As the body fights the virus, inflammation circulating in the body can damage healthy heart tissue. Coronavirus also affects the inner surfaces of veins and arteries, which can cause blood vessel inflammation, damage to small vessels and cause blood clots, all of which can compromise blood flow to the heart and other parts of the body. 

“In this more recent paper they’re mentioning what people were speculating in the first round that it could be due to direct viral invasions of cardiac myocytes and subsequent cell death in the heart, it could be due to endothelial cell infection and inflammation, it could be transcriptional changes in the heart, and down to regulation of the ACE-2 protein,” Prof Hool explained. 

Children are less susceptible to CVD because of how the ACE-2 protein interacts with their immune system, making it more efficient at fighting off the virus. However, it doesn’t stop children from getting heart problems completely.

In general, children who get sick with the coronavirus do not have serious problems as often as adults do. An uncommon but serious complication of COVID-19 is multisystem inflammatory syndrome in children (MIS-C), which has some similar characteristics to Kawasaki disease and can cause serious heart damage, cardiogenic shock or death. 

Some children who survive MIS-C can be left with abnormal heart rhythms and stiffened heart muscle that prevents the heart from relaxing normally and beating properly. 

Statistics show that people living in remote regions and Indigenous Australians have a higher risk of complications from heart disease and are more likely to be hospitalised because of it. While being isolated from COVID-19 is protecting communities from the virus, our state’s remoteness can present challenges for the delivery of healthcare.

“We’re in a first-world country and people can’t get health care. That’s one of the challenges in Western Australia. People living in remote, rural and regional areas and Indigenous people are much more likely to die from heart disease or to be hospitalised,” Prof Hool said. 

People who have CVD don’t have any greater risk of dying from COVID-19 if they contract it, but they do have an increased risk of complications because they already have an underlying cardiovascular problem. 

“People with CVD should certainly be very careful to avoid contracting COVID, but they don’t have any further risk of dying from it than anyone else,” she said.

Meanwhile, researchers at Murdoch University’s Australian National Phenome Centre have discovered a new set of biomarkers for increased risk of CVD in patients with COVID-19 infections. The biomarkers indicate a strong correlation with existing known markers of CVD risk including atherosclerosis and myocardial infarction and could also form the basis of a new rapid test for COVID-19.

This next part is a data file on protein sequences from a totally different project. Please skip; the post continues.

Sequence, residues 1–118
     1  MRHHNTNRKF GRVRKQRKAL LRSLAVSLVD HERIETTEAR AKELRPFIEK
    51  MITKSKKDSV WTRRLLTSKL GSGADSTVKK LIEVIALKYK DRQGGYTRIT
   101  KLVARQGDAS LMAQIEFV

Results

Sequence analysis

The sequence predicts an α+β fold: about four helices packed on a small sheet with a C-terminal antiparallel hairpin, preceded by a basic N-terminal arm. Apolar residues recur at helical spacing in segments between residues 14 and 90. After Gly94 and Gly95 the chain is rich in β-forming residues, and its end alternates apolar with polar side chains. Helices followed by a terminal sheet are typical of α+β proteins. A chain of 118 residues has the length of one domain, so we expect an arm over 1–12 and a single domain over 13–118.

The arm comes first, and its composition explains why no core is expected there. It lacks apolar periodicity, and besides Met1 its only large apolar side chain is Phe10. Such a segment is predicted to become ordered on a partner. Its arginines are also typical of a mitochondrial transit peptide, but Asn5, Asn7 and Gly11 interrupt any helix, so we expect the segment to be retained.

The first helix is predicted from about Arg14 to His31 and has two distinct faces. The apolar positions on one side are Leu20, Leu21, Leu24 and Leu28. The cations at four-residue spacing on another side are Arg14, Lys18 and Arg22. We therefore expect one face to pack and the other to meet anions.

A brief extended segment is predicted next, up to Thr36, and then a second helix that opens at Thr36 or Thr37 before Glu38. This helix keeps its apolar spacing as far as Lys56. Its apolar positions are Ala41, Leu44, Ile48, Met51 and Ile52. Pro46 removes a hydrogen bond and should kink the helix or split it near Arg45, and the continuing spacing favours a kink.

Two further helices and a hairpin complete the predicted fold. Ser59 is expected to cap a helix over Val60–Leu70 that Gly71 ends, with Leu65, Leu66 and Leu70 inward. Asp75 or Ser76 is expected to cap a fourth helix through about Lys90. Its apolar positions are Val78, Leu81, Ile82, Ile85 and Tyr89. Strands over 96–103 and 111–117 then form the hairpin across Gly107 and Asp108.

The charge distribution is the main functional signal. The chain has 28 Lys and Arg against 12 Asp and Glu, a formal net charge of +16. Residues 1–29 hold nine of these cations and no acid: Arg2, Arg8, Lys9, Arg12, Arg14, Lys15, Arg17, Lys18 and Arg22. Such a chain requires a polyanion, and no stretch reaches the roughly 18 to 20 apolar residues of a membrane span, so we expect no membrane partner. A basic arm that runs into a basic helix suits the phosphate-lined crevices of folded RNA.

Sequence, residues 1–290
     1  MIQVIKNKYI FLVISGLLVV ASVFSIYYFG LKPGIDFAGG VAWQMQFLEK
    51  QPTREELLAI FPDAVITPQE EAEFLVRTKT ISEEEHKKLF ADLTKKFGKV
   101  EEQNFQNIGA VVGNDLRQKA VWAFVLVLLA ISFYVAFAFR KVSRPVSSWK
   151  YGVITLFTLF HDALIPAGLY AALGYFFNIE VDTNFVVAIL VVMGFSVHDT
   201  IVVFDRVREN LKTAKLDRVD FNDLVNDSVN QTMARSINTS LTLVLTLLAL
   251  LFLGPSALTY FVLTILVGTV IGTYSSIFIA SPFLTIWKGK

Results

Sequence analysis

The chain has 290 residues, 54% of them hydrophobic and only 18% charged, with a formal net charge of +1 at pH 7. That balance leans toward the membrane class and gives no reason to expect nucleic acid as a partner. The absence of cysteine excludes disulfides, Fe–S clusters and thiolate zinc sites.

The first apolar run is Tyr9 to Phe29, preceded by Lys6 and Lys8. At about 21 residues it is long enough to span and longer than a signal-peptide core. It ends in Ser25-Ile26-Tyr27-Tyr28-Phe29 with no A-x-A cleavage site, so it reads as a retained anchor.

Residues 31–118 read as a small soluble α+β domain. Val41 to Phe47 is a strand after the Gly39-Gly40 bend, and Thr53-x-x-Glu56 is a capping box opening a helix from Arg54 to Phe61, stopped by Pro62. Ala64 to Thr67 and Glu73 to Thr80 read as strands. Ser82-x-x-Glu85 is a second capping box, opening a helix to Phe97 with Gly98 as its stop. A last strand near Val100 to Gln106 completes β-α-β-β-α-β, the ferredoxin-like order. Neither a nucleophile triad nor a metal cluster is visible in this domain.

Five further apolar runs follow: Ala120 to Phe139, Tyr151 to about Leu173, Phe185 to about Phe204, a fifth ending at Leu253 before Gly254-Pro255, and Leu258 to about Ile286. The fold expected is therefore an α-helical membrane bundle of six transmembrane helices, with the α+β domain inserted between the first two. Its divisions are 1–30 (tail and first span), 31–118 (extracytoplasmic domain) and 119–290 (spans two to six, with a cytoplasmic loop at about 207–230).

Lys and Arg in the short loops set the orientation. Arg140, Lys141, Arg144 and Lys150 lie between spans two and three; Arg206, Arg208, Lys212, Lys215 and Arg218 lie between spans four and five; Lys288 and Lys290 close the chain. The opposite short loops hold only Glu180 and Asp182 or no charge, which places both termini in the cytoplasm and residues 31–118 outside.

ANPC Director Professor Jeremy Nicholson said in a statement that the research has provided a quantitative measurement that will detect increased cardiovascular risk in COVID-19 patients, and potentially from a variety of non-COVID patients with other cardiovascular risk factors and indications.

“Other researchers have shown that COVID-19 infection massively increases cardiovascular risk in the year after the initial infection – we now have a new means to measure this risk directly on small volumes of blood plasma in just a few minutes,” Prof Nicholson said.

The growing number of deaths from COVID has surpassed six million, but heart disease remains the leading cause of death in WA and the world, with about 19 million people dying annually from heart disease. 

Recent Heart Foundation modelling shows that in the throes of the pandemic many people are not getting heart health checks that can offer early detection of heart attack and stroke risk.

There were 27,000 missed or delayed heart health checks from March 2020 to July 2021 across Australia due to the impact of COVID-19, including lockdowns and the resource-intensive roll-out of the COVID-19 vaccination program in GP clinics. 

Professor Garry Jennings

The foundation’s Chief Medical Adviser and interim Group CEO Professor Garry Jennings said in a statement that the delays in heart health checks could have “serious and even fatal consequences”.

“What we don’t want to see is a drop in heart health screening coupled with what we are seeing overseas as a result of the pandemic,” Prof Jennings said. “This could create a dangerous situation and a backlog of people who need preventative heart health care for years to come, placing additional pressure on general practice.”

The heart health check detects atherosclerotic disease early by identifying risk factors and managing them appropriately. “Fewer people having a heart health check means that silent conditions like hypertension and hypercholesterolemia may go undiagnosed and potentially worsen, increasing people’s risk of a heart event in the future,” he said. 

As people who have CVD are at a higher risk of serious complications from COVID-19, the Heart Foundation stresses the importance of getting the flu and COVID-19 vaccines as well as a heart health check, and to follow heart-healthy practices including a healthy diet, regular exercise and to not smoke.